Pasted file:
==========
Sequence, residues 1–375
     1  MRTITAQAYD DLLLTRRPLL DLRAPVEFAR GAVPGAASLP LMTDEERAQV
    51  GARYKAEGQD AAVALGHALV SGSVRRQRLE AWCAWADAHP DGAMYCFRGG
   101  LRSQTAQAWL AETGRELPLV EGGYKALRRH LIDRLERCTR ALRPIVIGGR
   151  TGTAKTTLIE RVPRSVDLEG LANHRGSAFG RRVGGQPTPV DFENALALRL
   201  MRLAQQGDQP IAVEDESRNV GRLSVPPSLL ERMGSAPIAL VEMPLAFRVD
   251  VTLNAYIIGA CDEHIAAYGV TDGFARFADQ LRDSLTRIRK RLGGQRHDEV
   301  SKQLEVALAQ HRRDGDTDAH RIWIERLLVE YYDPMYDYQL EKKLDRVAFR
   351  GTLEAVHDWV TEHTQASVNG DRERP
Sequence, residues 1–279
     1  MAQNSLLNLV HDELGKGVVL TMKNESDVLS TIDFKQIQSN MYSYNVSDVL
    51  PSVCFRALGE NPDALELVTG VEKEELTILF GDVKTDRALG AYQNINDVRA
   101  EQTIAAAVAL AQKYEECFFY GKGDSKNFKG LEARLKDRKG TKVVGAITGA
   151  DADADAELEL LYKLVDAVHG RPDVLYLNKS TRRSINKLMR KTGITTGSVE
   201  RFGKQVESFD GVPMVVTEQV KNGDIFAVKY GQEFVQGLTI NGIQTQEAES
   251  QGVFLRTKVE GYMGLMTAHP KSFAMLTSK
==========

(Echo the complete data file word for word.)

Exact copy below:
Sequence, residues 1–375
     1  MRTITAQAYD DLLLTRRPLL DLRAPVEFAR GAVPGAASLP LMTDEERAQV
    51  GARYKAEGQD AAVALGHALV SGSVRRQRLE AWCAWADAHP DGAMYCFRGG
   101  LRSQTAQAWL AETGRELPLV EGGYKALRRH LIDRLERCTR ALRPIVIGGR
   151  TGTAKTTLIE RVPRSVDLEG LANHRGSAFG RRVGGQPTPV DFENALALRL
   201  MRLAQQGDQP IAVEDESRNV GRLSVPPSLL ERMGSAPIAL VEMPLAFRVD
   251  VTLNAYIIGA CDEHIAAYGV TDGFARFADQ LRDSLTRIRK RLGGQRHDEV
   301  SKQLEVALAQ HRRDGDTDAH RIWIERLLVE YYDPMYDYQL EKKLDRVAFR
   351  GTLEAVHDWV TEHTQASVNG DRERP
Sequence, residues 1–279
     1  MAQNSLLNLV HDELGKGVVL TMKNESDVLS TIDFKQIQSN MYSYNVSDVL
    51  PSVCFRALGE NPDALELVTG VEKEELTILF GDVKTDRALG AYQNINDVRA
   101  EQTIAAAVAL AQKYEECFFY GKGDSKNFKG LEARLKDRKG TKVVGAITGA
   151  DADADAELEL LYKLVDAVHG RPDVLYLNKS TRRSINKLMR KTGITTGSVE
   201  RFGKQVESFD GVPMVVTEQV KNGDIFAVKY GQEFVQGLTI NGIQTQEAES
   251  QGVFLRTKVE GYMGLMTAHP KSFAMLTSK